Without such nuclear ambitions, his combination of anti-Semitism and messianism would be an internal matter for the Iranian theocracy. But as it stands now, an already dangerous mixture of Iranian hate takes on a highly toxic military dimension. A politician who dreams of the return of the Mahdi simply has no place in his worldview for non-believers.
Iran makes no secret of its nuclear ambitions. However, the country hides its true intentions. Tehran brazenly claims an atomic program would ensure its independence from oil. Only small minority in the west still believe the claim that such technology would only be used for civilian purposes. Why would one of the world's oil-richest nations ever need nuclear reactors?
While the EU and America still try to convince Iran not to develop a nuclear bomb via diplomatic means, the well-focused ayatollahs diligently continue with their plans. By repeatedly pushing new diplomatic initiatives with the aim of curbing their craze for nukes, Germany, Britain and France are letting Iran play them for fools. Iranian diplomats speak of peace in English and call for war in Farsi.
Preparing for war
Since the Iranian bomb is a global menace, the nuclear dispute with the Islamic Republic must be pushed to the top of the international community's agenda this year. But the problem will probably not be solved by diplomacy alone. Russia and China would veto any call for sanction in the UN Security Council. But peaceful means are more likely to fail due to the fact that Ahmadinejad wants nuclear weapons not only for political reasons, but also for ideological ones. The type of diplomacy necessary to hold a rational dialogue with an ideological regime has yet to be invented. And that is why Washington, Jerusalem and Ankara are already considering scenarios for war.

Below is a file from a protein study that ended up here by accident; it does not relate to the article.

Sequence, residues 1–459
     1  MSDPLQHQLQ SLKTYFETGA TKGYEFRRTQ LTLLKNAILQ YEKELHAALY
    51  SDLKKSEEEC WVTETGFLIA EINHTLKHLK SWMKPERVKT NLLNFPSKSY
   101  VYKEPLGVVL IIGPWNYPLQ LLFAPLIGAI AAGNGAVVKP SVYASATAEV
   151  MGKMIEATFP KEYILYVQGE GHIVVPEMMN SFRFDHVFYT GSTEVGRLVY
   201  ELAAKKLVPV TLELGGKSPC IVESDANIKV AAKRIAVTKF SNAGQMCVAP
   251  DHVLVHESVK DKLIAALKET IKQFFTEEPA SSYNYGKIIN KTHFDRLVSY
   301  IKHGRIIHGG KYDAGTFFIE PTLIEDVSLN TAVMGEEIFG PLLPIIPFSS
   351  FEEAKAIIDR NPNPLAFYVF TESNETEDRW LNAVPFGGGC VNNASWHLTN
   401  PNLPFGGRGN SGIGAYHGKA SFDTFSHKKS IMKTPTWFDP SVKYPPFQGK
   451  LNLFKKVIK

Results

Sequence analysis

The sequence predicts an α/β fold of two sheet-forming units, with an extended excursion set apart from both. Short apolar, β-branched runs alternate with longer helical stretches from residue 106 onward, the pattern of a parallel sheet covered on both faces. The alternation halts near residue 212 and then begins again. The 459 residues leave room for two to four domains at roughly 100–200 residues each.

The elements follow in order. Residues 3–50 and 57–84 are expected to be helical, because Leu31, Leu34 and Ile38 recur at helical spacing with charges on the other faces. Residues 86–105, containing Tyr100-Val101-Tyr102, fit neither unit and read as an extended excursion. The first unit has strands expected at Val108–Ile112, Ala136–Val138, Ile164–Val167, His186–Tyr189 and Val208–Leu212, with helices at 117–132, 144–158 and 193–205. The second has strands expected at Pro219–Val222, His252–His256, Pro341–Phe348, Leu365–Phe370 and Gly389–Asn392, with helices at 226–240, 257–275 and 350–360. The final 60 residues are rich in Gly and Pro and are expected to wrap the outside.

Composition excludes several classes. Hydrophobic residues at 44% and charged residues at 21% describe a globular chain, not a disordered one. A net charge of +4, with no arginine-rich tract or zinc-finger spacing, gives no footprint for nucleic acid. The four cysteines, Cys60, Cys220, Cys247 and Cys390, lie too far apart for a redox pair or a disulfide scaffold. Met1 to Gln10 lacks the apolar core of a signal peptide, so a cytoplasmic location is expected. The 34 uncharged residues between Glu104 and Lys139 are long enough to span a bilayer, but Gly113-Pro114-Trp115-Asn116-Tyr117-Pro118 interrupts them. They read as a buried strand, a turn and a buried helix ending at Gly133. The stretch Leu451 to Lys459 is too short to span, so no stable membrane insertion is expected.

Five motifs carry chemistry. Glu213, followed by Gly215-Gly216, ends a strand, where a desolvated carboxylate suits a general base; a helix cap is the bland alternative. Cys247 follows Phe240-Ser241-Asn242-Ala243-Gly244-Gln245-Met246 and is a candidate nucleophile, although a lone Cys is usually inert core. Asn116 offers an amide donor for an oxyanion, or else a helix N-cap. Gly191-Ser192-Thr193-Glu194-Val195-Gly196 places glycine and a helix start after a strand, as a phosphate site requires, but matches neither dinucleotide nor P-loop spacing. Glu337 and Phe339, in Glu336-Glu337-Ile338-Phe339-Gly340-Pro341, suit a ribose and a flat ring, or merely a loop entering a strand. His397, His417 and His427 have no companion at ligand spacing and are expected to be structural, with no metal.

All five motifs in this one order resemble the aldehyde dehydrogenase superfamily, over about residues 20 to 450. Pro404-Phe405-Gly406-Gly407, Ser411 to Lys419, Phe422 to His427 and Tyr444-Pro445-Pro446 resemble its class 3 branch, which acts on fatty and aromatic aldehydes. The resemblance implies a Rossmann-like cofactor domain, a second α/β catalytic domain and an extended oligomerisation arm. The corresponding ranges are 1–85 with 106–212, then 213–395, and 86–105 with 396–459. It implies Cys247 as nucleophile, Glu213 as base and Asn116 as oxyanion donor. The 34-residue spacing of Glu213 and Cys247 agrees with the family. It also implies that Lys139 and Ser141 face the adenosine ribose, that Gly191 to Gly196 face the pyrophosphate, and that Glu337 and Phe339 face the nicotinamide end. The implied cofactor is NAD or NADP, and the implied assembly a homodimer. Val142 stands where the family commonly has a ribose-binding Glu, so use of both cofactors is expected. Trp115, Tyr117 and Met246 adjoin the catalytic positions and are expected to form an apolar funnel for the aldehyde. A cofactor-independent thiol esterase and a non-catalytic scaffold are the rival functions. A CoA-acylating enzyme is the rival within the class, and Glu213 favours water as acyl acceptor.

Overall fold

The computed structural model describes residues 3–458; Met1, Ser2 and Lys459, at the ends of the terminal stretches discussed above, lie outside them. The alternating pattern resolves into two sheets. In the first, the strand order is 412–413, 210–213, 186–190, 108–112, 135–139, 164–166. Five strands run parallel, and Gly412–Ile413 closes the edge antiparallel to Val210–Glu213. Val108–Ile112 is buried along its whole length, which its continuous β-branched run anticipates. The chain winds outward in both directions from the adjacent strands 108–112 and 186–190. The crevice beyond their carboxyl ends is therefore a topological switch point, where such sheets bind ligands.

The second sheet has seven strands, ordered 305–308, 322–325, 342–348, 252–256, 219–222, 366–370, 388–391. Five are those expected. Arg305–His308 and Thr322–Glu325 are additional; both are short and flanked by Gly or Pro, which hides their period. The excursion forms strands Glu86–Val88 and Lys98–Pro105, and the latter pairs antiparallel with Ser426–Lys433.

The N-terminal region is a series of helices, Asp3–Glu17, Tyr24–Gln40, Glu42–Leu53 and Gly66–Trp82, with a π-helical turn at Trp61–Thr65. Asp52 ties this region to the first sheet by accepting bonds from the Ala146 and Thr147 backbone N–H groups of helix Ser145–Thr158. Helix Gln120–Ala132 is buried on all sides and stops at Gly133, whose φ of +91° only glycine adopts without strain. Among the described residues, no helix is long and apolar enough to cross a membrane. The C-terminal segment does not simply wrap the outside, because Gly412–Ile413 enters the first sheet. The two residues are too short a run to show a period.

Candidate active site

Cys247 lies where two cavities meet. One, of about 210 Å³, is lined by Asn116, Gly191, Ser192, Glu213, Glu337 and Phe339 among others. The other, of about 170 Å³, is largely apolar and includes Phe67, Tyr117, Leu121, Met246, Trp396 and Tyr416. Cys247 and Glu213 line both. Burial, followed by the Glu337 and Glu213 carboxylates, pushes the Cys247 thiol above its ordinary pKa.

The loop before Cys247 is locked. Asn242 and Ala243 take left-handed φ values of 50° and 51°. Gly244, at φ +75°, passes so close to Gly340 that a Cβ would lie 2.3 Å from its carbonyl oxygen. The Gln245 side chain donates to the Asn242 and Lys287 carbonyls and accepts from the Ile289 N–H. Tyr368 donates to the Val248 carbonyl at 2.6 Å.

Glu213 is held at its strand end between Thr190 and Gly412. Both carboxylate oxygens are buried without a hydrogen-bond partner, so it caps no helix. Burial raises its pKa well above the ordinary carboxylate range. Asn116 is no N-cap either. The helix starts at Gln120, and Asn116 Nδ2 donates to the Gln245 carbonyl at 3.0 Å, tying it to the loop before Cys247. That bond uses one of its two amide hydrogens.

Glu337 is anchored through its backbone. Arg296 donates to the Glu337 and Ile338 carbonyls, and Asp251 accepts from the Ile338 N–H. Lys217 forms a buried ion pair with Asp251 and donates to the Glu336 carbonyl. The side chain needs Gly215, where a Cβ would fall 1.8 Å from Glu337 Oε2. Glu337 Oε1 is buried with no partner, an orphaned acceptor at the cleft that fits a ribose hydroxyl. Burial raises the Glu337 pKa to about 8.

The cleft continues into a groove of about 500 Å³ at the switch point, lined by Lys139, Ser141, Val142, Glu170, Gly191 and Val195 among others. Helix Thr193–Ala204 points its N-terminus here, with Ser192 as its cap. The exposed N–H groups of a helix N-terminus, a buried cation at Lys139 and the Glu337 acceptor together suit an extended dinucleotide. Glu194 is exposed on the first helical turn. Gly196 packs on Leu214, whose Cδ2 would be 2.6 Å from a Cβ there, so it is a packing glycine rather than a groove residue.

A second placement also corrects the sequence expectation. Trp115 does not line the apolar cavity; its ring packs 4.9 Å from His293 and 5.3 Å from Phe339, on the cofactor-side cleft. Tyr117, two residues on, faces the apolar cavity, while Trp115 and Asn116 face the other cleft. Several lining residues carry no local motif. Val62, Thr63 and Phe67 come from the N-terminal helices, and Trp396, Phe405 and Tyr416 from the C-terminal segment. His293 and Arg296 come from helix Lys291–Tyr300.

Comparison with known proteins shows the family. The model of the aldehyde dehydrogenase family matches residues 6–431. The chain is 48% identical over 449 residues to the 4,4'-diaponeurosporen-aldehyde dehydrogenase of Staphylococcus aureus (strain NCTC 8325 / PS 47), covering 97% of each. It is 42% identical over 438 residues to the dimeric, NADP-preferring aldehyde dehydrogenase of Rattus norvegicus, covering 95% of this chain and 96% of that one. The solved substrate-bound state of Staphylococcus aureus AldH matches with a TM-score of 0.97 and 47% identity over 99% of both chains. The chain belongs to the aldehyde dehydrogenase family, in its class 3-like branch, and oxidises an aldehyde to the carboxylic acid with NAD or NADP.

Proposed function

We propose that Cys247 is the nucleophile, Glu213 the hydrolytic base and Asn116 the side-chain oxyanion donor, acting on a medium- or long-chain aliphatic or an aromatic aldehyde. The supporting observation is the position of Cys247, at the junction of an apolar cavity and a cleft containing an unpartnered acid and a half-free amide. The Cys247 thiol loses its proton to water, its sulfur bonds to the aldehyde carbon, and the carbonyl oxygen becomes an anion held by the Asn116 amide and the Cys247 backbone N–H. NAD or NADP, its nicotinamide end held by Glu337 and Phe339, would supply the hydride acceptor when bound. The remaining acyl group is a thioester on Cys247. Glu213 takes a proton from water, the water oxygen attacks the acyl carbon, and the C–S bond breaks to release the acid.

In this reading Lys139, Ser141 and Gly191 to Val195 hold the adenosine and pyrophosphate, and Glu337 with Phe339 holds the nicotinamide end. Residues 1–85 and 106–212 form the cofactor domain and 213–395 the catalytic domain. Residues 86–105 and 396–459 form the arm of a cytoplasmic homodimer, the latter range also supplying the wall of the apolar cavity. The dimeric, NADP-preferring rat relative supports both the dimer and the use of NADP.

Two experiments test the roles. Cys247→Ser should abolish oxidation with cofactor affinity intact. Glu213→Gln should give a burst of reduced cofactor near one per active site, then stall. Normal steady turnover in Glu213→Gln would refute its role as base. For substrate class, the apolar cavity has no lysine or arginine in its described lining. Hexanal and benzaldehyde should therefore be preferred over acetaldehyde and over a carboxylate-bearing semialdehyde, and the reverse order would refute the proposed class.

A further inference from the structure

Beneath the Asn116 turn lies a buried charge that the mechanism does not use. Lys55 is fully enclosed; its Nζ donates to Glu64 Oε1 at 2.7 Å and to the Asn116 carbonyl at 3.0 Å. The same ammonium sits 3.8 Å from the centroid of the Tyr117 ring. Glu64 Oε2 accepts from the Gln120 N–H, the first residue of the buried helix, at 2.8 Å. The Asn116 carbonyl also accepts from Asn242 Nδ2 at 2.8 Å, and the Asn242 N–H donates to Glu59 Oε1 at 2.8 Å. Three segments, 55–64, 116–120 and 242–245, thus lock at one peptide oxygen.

As part of the militaristic pre-game, Tehran has the ability to whip up its allies in Gaza and Beirut including the militias of Hamas and Hezbollah. Both are supplied with money and weapons by Iran. If the ayatollahs can be kept from getting a nuclear bomb, they'll still have the potent weapon of terror on the backburner.
Pierre Heumann is the Middle East correspondent for the weekly Swiss newsmagazine "Weltwoche"